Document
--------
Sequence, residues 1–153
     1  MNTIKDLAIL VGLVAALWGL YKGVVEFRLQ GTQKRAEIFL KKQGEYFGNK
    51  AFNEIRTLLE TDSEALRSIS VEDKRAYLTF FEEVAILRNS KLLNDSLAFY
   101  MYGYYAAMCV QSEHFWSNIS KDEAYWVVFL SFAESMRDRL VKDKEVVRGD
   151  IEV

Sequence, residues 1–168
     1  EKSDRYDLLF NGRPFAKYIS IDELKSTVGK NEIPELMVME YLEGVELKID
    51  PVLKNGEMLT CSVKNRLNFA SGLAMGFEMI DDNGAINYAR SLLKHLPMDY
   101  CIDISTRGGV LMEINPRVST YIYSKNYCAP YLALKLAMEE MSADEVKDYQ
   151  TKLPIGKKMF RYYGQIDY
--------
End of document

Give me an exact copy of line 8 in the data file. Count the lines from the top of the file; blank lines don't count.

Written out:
    51  PVLKNGEMLT CSVKNRLNFA SGLAMGFEMI DDNGAINYAR SLLKHLPMDY